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#7 Jonathan Bowerbank

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Posted 19 September 2007 - 08:10 PM

I'd like to know what lenses he used for wider shots and what he used for closeups. The closeups I think definitely did have a very different look to them. I don't know if it was a change in saturation to my eye, but more a contrast thing. They seemed to be of higher contrast when he switched to the long lenses on closeups.

There was a scene when Crowe attacked Fonda where everything seemed to be dry and desert like in one shot, then they turned around and all of a sudden there was snow everywhere and fog coming from their breath. I read in IMDb trivia that they had an unexpected snowfall during production, perhaps it was the only real continuity issue that occurred from it.
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#8 Jonathan Bowerbank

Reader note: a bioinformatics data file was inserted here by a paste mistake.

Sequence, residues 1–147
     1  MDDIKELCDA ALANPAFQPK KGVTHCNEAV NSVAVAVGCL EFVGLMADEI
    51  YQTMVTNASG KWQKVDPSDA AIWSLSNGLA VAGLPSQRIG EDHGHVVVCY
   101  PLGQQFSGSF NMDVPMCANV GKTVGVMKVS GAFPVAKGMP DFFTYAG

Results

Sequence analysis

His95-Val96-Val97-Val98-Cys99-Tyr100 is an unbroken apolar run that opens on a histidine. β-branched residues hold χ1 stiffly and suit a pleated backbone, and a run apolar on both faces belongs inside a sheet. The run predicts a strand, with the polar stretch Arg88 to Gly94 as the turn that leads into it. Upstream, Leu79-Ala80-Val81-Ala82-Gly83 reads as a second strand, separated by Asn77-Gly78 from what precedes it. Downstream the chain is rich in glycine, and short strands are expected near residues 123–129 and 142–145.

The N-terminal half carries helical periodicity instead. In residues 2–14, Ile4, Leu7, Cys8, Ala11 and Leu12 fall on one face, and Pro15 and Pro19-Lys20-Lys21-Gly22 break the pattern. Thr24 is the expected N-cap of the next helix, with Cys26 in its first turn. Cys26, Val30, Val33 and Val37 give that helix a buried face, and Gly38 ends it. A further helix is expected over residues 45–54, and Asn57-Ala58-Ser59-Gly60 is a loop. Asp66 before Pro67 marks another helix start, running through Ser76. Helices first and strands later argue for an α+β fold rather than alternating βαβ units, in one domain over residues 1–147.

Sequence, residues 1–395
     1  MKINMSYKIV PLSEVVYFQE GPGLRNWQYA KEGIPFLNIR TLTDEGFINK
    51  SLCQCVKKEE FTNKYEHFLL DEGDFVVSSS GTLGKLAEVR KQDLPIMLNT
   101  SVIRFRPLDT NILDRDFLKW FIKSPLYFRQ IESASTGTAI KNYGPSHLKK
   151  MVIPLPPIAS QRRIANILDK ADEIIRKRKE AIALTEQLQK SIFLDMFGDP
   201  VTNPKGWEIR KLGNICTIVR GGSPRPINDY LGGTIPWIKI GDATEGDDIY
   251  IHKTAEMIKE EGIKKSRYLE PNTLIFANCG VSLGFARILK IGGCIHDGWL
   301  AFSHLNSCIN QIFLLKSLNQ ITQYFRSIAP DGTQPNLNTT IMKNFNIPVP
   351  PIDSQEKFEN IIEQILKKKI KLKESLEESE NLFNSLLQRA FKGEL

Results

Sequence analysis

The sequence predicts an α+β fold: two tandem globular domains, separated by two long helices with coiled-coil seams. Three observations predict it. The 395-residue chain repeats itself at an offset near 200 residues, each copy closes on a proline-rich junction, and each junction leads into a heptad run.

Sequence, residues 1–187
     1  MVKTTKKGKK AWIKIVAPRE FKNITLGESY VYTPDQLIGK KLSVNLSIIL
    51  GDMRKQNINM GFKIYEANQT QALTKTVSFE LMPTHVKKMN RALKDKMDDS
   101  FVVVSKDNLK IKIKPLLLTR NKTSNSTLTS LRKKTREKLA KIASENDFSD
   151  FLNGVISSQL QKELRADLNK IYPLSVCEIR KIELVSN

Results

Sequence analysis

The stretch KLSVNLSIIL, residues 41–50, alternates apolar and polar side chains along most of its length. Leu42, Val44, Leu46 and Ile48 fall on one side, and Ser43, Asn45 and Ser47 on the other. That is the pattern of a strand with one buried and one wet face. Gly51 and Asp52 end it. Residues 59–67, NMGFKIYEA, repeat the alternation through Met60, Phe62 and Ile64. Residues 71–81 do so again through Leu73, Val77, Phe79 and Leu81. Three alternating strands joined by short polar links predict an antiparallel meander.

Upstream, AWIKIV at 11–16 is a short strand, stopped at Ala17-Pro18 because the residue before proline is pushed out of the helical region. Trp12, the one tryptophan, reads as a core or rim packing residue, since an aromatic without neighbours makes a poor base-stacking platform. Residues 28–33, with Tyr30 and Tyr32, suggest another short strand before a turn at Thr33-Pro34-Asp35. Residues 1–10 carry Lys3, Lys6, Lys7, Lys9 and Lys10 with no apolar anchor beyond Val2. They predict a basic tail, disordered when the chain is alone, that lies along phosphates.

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Posted 20 September 2007 - 01:49 AM

by the way, I guess details will be revealed in the upcoming issue of the AC Mag.
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#9 J. Lamar King

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Posted 11 October 2007 - 01:14 AM

Maybe they were supposed to be scared or whatever. I guess I was going by the old Western movie rule about having "the drop" on the other guy. That is you are pointing your gun at him before he does at you. They could've just told him to drop it.

I remember several night ext. scenes where the backlight was really low or non existent and there wasn't much landscape lit. Anyway it didn't feel backlit Hollywood style which I liked.
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#10 Tom Lowe

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Posted 11 October 2007 - 02:19 AM

Pretty decent article in AC. It goes into some detail about the night scenes and "moonlit" scenes.

One thing that was mentioned was a blue reflector. What exactly is this (I assume a blue mirrored bounce card/reflector), but what is the effect on the subject lit by a blue bounce card in outdoor settings like the ones in this movie?